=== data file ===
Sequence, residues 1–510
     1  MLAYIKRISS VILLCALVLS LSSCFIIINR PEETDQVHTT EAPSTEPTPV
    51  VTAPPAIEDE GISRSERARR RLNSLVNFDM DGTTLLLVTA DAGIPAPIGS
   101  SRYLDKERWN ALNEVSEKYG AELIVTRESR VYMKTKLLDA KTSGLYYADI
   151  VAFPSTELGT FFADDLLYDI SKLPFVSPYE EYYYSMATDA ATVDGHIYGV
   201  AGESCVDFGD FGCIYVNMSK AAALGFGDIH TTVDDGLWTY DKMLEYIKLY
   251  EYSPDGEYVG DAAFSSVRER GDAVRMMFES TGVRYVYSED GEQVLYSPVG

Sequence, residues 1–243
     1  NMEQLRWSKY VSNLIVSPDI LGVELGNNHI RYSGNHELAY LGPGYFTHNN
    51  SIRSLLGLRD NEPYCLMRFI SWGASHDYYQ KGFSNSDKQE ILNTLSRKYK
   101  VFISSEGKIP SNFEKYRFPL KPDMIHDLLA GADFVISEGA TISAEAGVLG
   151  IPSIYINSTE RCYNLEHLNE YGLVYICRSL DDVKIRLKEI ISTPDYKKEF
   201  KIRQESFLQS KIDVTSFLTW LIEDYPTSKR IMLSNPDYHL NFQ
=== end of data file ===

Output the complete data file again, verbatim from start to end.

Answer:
Sequence, residues 1–510
     1  MLAYIKRISS VILLCALVLS LSSCFIIINR PEETDQVHTT EAPSTEPTPV
    51  VTAPPAIEDE GISRSERARR RLNSLVNFDM DGTTLLLVTA DAGIPAPIGS
   101  SRYLDKERWN ALNEVSEKYG AELIVTRESR VYMKTKLLDA KTSGLYYADI
   151  VAFPSTELGT FFADDLLYDI SKLPFVSPYE EYYYSMATDA ATVDGHIYGV
   201  AGESCVDFGD FGCIYVNMSK AAALGFGDIH TTVDDGLWTY DKMLEYIKLY
   251  EYSPDGEYVG DAAFSSVRER GDAVRMMFES TGVRYVYSED GEQVLYSPVG

Sequence, residues 1–243
     1  NMEQLRWSKY VSNLIVSPDI LGVELGNNHI RYSGNHELAY LGPGYFTHNN
    51  SIRSLLGLRD NEPYCLMRFI SWGASHDYYQ KGFSNSDKQE ILNTLSRKYK
   101  VFISSEGKIP SNFEKYRFPL KPDMIHDLLA GADFVISEGA TISAEAGVLG
   151  IPSIYINSTE RCYNLEHLNE YGLVYICRSL DDVKIRLKEI ISTPDYKKEF
   201  KIRQESFLQS KIDVTSFLTW LIEDYPTSKR IMLSNPDYHL NFQ